A year ago, I was writing about the Chinese stock market (MEANWHILE IN CHINA), and its short and not-so-sweet little asset bubble:
Does anyone remember this gem:
Oh my word, yes – that time when I took financial advice from my hairdresser – that was a fun time.
Anyway, it seems that Chinese investors have moved on.
Here’s a new news article from Quartz: “China’s risk-loving mom and pop investors have abandoned local stock markets for bitcoin.” Here are the opening paragraphs:
China’s individual investors are known for their huge appetite for new assets. The government’s strict currency controls make it difficult for them to invest overseas, so their money has traditionally had to go somewhere inside the country’s borders. That’s why from property to copper to domain names to fish bladders, speculation fuels asset markets in China.
Less than two years ago stocks were hot, and the benchmark Shanghai Composite Index doubled from June 2014 to June 2015. After the index tumbled last summer, though, there’s still no sign that investors are coming back to the casino-like bourses any time soon.
Where are they heading now? One word—bitcoin.
And in case the bitcoin fans out there think that this doesn’t really affect them, those paragraphs were followed by this line:
“Over 94% of bitcoin trading involved Chinese yuan in August”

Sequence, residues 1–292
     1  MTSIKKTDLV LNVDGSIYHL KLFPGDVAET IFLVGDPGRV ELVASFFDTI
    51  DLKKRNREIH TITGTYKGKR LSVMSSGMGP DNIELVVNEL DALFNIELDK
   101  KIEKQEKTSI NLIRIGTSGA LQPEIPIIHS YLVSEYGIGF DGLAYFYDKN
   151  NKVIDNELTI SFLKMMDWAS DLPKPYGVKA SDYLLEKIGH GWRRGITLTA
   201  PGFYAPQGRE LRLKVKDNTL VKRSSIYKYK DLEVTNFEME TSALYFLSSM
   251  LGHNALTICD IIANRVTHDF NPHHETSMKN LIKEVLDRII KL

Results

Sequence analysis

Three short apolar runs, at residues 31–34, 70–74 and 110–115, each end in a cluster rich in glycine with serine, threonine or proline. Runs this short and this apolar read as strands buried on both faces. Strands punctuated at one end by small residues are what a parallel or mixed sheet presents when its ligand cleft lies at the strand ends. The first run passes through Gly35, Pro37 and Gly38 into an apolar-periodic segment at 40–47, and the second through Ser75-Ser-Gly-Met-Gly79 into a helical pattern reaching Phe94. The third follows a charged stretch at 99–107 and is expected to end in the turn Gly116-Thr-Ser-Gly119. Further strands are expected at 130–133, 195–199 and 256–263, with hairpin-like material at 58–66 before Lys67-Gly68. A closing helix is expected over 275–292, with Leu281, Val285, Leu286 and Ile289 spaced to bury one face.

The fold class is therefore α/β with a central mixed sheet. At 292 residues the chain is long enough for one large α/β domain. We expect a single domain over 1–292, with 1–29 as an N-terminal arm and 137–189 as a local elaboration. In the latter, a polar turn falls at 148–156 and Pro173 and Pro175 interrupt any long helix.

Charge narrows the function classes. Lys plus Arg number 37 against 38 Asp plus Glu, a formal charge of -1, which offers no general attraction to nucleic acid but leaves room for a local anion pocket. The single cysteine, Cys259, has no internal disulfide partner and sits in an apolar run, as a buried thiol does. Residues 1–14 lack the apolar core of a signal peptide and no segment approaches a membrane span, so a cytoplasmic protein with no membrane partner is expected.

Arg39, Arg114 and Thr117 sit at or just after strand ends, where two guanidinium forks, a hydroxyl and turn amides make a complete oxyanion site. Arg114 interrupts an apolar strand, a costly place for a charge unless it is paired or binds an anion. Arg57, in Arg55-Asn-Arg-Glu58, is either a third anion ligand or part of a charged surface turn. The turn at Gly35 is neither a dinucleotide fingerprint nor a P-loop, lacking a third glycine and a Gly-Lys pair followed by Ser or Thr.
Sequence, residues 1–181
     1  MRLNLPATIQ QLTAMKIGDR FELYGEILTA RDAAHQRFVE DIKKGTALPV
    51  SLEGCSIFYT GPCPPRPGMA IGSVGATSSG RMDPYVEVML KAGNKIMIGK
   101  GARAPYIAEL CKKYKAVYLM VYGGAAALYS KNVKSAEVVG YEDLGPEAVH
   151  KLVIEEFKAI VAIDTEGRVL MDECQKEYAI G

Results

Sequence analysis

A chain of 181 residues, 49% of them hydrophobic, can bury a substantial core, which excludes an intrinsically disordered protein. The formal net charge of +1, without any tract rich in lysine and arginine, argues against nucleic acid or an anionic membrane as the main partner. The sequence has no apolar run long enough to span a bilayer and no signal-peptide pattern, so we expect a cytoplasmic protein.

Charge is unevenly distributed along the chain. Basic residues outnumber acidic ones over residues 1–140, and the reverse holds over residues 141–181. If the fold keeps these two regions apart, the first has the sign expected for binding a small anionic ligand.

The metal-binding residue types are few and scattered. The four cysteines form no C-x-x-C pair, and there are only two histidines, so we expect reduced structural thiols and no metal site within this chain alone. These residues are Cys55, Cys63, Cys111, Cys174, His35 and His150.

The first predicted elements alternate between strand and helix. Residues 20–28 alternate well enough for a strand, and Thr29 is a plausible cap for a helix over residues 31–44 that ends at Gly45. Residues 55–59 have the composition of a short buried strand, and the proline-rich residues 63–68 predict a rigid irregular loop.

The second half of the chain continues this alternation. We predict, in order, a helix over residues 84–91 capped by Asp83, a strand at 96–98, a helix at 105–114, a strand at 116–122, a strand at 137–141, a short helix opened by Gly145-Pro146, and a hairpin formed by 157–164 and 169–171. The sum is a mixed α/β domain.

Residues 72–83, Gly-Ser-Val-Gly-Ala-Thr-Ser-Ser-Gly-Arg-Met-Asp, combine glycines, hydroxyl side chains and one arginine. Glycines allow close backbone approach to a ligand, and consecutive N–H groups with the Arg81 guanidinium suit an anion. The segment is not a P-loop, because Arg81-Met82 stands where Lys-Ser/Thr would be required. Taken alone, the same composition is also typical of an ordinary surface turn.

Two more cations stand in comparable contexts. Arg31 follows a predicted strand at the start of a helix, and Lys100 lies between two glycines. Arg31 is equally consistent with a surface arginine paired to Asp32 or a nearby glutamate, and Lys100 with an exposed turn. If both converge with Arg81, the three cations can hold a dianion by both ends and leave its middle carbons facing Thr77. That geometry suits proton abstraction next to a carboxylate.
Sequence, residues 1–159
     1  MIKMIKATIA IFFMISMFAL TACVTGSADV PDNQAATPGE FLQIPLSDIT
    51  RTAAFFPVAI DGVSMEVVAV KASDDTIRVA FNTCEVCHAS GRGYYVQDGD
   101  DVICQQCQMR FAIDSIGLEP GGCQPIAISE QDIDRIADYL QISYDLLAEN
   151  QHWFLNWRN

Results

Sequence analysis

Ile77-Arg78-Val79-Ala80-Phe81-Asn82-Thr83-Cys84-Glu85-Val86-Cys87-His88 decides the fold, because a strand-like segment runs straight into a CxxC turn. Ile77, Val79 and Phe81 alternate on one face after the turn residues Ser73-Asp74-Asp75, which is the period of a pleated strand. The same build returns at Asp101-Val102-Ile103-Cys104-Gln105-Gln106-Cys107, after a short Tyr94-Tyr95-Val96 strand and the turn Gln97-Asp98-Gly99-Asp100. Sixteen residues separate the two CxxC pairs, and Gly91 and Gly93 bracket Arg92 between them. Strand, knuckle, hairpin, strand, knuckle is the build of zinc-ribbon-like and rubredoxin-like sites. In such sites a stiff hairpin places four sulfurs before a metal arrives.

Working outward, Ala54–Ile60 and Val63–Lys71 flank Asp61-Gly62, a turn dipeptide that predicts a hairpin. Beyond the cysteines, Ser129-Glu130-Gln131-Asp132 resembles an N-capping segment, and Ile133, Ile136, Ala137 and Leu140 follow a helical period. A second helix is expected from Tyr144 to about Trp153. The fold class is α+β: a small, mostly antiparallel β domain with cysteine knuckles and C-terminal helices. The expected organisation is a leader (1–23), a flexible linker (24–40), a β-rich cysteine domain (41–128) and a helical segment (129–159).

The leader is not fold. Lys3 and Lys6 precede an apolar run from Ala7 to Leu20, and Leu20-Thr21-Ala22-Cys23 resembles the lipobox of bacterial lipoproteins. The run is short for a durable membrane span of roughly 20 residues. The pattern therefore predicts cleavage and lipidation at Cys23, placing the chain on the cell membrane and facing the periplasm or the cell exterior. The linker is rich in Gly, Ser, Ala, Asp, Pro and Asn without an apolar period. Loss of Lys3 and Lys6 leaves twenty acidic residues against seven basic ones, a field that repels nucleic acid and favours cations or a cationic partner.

And here’s another graph that I found on data.bicoinity.org:
And in case you’re wondering: yes, okcoin and huobi are both Chinese bitcoin exchanges.
In other similarities to the stock-trading bubble, this:
Huang, 32, a father of two preschool kids from northeastern Shangdong province, who wished to be identified only by his surname, quit his job as a mechanic in February to become an at-home, full-time bitcoin trader.
“Why have you lost so much money in the stock market?” he says he asks his friends, trying to persuade them to invest in the digital currency. “Because it’s controlled by China’s policy.” Then he’ll explain that bitcoin is decentralized and can’t be controlled by any government. What’s more important, he said, is that “you can make money fast.”
A self-taught “digital currency expert,” Huang says his life is all about bitcoin except when “eating, sleeping, and doing housework.” Despite no previous trading experience, he claims to have tripled his investment in bitcoin, using half of his family’s savings, in the past six months. Because his wife is a full-time housewife, that’s the only source of family income right now.
Unfortunately, he’s wrong. China can, in fact, if it chooses, control Chinese bitcoin. Or at least, it can influence it enough to encourage the speculation to move elsewhere – while the corresponding
burst drop in bitcoin demand can do the rest.
My view: it’s only a matter of time.
And then where will the world be?
Especially as the Bitcoin market is now walled off:
- On one side of the wall, there is 90% of the market where the real world value in those bitcoin-wallets came out of Chinese bank accounts; and
- On the other side of the wall, there is the 10% of the market who cannot access any Chinese money due to Chinese exchange controls.
While the market demand for bitcoin is high, there is probably enough cross-trading happening that it’s still relatively easy to cash in and cash out without coming up against Chinese exchange controls. But if that cross-trading dries up…